That means more Kindle Fire sales, more features, and more reasons for customers to be interested. This is a company known for its customer satisfaction, which makes it especially unlikely that they’ll drop the ball on a major product push like this.
Remember when we were predicting a Kindle Fire launch with multiple tablet sizes to choose from? Well, better late than never. Chad Bartley, a Senior Research Analyst over at Pacific Crest, has predicted that we will be seeing a 9” Kindle Fire before the end of 2012, possibly as early as this summer. Along with this, an update to the already incredibly popular 7” model is expected. While previous estimates for upcoming Kindle tablet sales had been falling in light of a rumored iPad 3 launch that may include a 7” iPad meant to compete directly with Amazon, the same analyst has upgraded his estimates to account for anticipated demand.
We first heard rumors of an 8.9” Kindle tablet on the way in 2012 via a Digitimes report back in November that indicated a May launch was planned. While Digitimes is often less than perfectly reliable, they have managed to come up with some good information before on many occasions. In this case, they also reported that the choice of screen size was meant to simultaneously take advantage of pushes by LG and Samsung to promote the smaller screen size and to avoid competing directly with more established tablets like Apple’s iPad and Samsung’s Galaxy Tab.
What this will mean to Kindle fans is hard to say at this stage. The immediate concern for owners of the original Kindle Fire will be continuing support. As many owners of the 1st Generation Kindle can attest, Amazon has a tendency to quickly move forward without worrying about ongoing backward compatibility for their newest efforts. At the same time, however, there has obviously been an increased awareness of the importance of consistent branding. While the second generation of Kindle eReader was a fairly noticeable break from the original, subsequent offerings have all remained fairly obviously related. Add to that the fact that the Kindle Fire is already capable of running more recent versions of Android (as demonstrated by recent videos involving ICS installs) which would be the most obvious thing for the company to change on the software side of things, and there is reason to believe that there will be at least a few years of supported life for the current Kindle Fire.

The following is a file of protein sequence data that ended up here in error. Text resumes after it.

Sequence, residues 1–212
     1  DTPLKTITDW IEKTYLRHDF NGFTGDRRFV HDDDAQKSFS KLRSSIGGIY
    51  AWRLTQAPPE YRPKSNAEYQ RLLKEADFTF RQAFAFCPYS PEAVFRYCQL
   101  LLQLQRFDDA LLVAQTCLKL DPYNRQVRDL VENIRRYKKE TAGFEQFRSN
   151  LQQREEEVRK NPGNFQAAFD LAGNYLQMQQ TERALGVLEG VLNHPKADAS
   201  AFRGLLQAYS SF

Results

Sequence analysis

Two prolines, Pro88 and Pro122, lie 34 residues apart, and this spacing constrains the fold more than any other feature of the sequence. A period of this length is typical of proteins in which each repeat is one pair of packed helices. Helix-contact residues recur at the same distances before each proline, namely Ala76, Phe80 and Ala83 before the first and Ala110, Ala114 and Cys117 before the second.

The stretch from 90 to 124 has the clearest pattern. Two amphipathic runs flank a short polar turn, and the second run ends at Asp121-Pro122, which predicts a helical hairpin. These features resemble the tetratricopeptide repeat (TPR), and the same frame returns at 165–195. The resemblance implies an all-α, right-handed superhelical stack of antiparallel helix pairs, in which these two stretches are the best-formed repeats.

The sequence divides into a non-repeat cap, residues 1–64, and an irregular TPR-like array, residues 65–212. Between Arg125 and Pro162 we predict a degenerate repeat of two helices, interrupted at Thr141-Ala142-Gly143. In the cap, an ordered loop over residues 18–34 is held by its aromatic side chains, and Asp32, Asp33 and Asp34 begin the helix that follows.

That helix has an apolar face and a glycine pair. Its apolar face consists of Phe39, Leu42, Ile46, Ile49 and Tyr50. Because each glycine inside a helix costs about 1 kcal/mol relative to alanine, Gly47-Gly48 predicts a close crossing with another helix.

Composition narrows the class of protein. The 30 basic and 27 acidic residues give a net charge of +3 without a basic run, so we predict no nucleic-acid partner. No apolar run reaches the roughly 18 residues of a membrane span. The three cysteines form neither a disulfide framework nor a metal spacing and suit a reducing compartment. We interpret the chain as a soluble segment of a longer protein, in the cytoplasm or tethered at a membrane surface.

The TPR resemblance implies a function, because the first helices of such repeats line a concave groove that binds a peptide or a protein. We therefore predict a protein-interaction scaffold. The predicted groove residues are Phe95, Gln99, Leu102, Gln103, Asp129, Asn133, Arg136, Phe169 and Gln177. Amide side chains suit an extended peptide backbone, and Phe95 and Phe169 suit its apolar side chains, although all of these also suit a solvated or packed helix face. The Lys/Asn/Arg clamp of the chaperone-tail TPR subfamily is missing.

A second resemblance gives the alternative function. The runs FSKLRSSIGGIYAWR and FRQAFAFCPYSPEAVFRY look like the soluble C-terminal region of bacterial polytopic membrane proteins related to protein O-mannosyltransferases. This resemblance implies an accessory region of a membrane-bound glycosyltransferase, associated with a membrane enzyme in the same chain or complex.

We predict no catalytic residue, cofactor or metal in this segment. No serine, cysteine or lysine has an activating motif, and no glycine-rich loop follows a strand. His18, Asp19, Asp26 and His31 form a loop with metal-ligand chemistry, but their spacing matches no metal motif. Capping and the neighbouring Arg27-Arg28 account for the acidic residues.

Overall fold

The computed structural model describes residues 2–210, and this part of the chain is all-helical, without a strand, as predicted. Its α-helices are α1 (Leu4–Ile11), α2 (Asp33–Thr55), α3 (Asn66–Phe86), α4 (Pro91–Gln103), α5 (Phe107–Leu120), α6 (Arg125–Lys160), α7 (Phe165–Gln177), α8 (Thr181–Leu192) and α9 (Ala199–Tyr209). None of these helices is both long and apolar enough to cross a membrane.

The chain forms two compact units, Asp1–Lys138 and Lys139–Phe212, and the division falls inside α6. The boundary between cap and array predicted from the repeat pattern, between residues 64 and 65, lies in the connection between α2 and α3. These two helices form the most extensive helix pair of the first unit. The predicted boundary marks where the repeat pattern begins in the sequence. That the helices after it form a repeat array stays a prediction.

More interesting will be seeing how they handle the upgrade. Will the new model or models bow to customer demand for a camera, for example? There have also been indications for some time that NVidea is interested in getting involved with Amazon’s tablet efforts, which could mean a jump into the Tegra 2 or even Tegra 3 for the larger new Kindle Fire. Either of these would make sense given the emphasis on video and app use that Amazon has made apparent.